CEM can: communities about the environment Build engagement of

2005 Focus Group Findings
CEM can:
• Build engagement of
• Provide useful data
• Educate students and adults
about the environment
Do you or does someone familiar
in your agency use citizens or
students to conduct any
environmental monitoring or
NO: 32
YES: 18
What projects? Are/Were you satisfied?
29 projects identified:
• Surveys (water quality, amphibian
populations, pest activity, tree canopy
condition, exotic or invasive plant and
insect detection)
• Research (students assist with deer
exclosure study, mapping rare habitats)
• Extension (Teacher training, Master
Gardeners, Oak Wilt Specialists,
website and FAQ development)
Satisfied? Yes: 24 (84%) Mixed: 5 (16%)
Best projects:
• Participants learned more about natural
resources and monitoring techniques
• Useful, high quality data were obtained
• Good contact was provided with scientist
• Excellent training and repeatable
procedures were necessary
• Retired scientists or interest group activated
• Volunteers helping funded staff
Less-successful Projects:
• Data were not reliable
• Products were not widely
used (monitoring kits,
extension information,
collected data)
• Difficult to get reports
Could your organization
potentially benefit and/or your
job be made easier or more
effective by efficiently using
YES: 34
(Did not answer: 3)
• Invasive species detection
• Teach citizens how to assess
their own forests (special
lands, urban, forest
• Communicate on forest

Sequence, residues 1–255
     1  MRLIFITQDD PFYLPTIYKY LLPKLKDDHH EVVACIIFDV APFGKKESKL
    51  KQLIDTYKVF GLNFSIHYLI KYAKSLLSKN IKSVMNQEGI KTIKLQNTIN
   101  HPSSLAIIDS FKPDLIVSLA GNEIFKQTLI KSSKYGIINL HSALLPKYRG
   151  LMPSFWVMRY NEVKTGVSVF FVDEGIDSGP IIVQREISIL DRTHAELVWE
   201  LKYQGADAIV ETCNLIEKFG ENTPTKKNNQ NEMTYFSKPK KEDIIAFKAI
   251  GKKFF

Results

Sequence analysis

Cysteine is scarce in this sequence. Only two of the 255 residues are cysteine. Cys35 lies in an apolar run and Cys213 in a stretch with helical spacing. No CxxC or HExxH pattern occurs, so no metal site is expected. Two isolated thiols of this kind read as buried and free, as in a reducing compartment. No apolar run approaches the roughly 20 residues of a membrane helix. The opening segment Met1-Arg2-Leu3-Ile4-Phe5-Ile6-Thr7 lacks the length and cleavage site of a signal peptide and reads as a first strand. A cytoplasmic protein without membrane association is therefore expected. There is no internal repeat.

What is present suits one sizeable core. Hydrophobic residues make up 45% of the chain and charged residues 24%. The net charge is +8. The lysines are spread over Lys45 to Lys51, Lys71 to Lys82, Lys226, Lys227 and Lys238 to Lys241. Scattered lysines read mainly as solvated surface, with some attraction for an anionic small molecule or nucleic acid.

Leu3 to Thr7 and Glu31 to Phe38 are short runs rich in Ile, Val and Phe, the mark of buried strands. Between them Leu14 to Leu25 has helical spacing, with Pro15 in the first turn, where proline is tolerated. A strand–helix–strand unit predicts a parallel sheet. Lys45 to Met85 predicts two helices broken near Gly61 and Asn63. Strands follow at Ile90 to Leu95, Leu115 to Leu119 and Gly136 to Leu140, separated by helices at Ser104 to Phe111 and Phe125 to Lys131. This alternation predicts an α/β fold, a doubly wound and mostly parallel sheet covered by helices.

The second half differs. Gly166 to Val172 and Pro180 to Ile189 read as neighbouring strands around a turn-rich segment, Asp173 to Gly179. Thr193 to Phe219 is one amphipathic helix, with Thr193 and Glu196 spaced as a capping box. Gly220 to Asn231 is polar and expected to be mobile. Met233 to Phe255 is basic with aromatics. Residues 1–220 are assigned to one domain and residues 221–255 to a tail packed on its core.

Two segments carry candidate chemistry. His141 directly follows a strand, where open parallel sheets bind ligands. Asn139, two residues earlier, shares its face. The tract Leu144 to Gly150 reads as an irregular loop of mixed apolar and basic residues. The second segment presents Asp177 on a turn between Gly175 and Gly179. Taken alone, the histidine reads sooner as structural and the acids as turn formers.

issues, develop website
content, disperse biocontrol
• Ozone indicator
• Snag surveys
• Aid professional monitors
• There are opportunities to
engage and use CEMs in the
business of Forest Health
• Some survey respondents are already using CEMs
successfully for projects (36%). 37% of respondents
have been asked for opportunities. 72% of
respondents felt that using CEMs could make their
jobs easier or more efficient.
• Not all FHM work can be shifted to CEMs and
CEMs don’t miraculously “save time”
• Training, QC and data handling needs are important
• Toolkits could facilitate standards, aid
communication, and increase success.
2006 CEM Resolutions
1. FHM MT should continue to support the
development, testing, and publication of
toolkit protocols to facilitate Citizen
Monitoring efforts for invasive plant
detection/impact monitoring and plot-based
assessments of forest condition in unique
areas that are too small to be evaluated by
the P2-P3 grid (e.g. urban parks, counties,
linear features).
2006 CEM Resolutions
2. FHM MT should support the development
of a “how to effectively work with CEMs”
publication that synthesizes case studies and
recommends to interested FHM participants
how to work with CEMs and what makes a
successful CEM collaboration.
2006 CEM Resolutions
3. FHM MT should commit to developing a
national invasive plant detection monitoring
system with CEMs as an integral part of the
monitoring method and that can be piloted
in the 2009 field season.